Generational differences aside, what do today’s employees want, and how can employers attract and retain those they need? Giles says one thing New Zealand organisations are not doing is throwing money at new employees. “The remuneration market hasn’t reacted to the tightness of the labour market. Movement for ’04/05 is consistent with that for ’03/04, so people are realising retention is wider than remuneration,” says Giles.
Youngman has observed the same trend. While speaking at conference, she outlined four different employment packages and asked people to vote on the package they liked most. The number of votes was split evenly four ways. Organisations that offer just cash package will miss the boat,” says Youngman.
Giles says remuneration simply has to be fair, competitive and aligned with the market, and because people increasingly know their financial worth non-monetary recognition is key to attraction and retention.
Modern people management is about creating total employment experience or taking employees on “journey”, say the experts, and that covers how person is recruited, inducted, performance managed, career developed, and the training and rewards they get. Flexibility and not allowing other business issues to hijack your people management practices is also critical to retaining good people.
Robert Half International managing director David Jones says in order to avoid slowdown in business productivity through unfilled positions employers also need to implement people-friendly strategies that offer flexibility in the form of job sharing and adaptable working hours, room for personal development, sabbatical opportunities, unpaid leave options and the ability to work from home.
A Robert Half Finance and Accounting white paper also forecasts gloomy future for organisations that ignore older workers, mid-career mothers, students, graduates and migrants, and Jones says employers need to maximise all talent, regardless of gender, race or other discriminating factors.
“The current situation facing businesses can be partly attributed to poor application of resources rather than [just] generational shift, brain drain and an increase in regulation and corporate governance,” says Jones.
He says foreign students and local universities possess untapped talent and many accountancy graduates are foreign students who would like to settle in New Zealand but are not getting the job offers.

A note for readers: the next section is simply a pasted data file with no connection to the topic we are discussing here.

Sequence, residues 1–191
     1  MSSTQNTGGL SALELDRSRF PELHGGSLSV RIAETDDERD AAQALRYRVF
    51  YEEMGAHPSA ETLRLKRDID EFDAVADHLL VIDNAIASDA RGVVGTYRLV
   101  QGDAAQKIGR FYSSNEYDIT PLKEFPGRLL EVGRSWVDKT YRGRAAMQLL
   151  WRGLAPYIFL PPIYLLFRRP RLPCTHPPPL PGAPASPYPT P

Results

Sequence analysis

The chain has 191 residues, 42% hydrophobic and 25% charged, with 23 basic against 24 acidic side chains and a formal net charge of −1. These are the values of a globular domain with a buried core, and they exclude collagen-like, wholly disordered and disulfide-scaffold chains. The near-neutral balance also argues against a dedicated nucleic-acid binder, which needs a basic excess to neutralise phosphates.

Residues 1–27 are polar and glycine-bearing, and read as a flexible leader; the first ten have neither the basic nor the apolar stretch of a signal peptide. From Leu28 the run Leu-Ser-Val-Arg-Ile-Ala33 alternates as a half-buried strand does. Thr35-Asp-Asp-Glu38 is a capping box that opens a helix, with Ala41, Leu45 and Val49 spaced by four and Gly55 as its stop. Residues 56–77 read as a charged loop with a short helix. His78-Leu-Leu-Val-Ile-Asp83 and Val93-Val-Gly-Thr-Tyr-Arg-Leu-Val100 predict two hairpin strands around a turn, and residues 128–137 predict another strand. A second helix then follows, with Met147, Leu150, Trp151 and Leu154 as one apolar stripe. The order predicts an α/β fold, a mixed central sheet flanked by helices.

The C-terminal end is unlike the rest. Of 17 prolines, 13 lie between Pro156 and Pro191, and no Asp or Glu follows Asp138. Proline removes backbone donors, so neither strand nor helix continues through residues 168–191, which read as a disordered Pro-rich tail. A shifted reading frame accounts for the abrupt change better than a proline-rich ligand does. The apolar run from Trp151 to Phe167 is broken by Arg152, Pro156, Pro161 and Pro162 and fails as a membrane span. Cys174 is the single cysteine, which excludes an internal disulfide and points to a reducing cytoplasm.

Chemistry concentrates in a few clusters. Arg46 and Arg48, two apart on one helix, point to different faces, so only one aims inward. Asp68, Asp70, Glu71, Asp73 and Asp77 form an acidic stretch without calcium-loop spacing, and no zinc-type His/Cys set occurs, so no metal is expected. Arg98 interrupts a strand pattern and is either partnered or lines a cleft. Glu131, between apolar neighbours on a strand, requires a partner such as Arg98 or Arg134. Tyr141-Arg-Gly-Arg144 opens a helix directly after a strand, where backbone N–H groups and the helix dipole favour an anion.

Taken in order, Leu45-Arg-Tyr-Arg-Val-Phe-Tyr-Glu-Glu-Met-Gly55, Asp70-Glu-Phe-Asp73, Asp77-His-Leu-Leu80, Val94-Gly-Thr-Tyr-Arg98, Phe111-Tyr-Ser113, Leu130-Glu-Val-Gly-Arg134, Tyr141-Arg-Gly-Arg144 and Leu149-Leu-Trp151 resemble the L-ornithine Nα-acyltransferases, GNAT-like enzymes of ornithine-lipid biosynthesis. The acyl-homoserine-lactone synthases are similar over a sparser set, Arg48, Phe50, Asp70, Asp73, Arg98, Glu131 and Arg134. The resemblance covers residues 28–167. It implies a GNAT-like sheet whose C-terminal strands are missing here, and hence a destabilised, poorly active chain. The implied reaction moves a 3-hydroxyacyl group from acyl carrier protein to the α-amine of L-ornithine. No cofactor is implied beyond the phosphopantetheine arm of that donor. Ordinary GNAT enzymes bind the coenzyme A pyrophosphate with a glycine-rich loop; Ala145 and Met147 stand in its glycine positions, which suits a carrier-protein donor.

“Employers could partner with universities to identify the best of these students before they have completed their degrees and employ them on summer internships to ensure some retention,” says Jones.
Finally, employers will attract and retain more people if they do more than pay lip service to work/life balance practices and accommodate cultural, life stage and religious diversity, say the experts.
“There’s still demand for employees who can do long hours and don’t have children. That sends the wrong message to women,” says Giles. Mclachlan agrees: “[New parents] know our systems, procedures and culture so of course we want them back. The big thing is to be communicating,” he says.

The role of technology
A few years ago, information technology was considered ‘the next big thing’ for people managers. IT tools would allow them to streamline leave and pay administration and that would free up time for people managers to ‘connect’ with people. Has this happened – and what is the role of IT in people management today?
Youngman says the usefulness of technology is still overlooked, and while people management professionals are good at developing systems and processes they don’t necessarily analyse how IT tools will support these.
“You first need good process to get data into system. If I was to be critical of the HR profession, it is we haven’t been that willing to understand the business drivers of what we are trying to do and set up systems properly. HR and finance need to get closer, and if human resources information system is little deficient in one are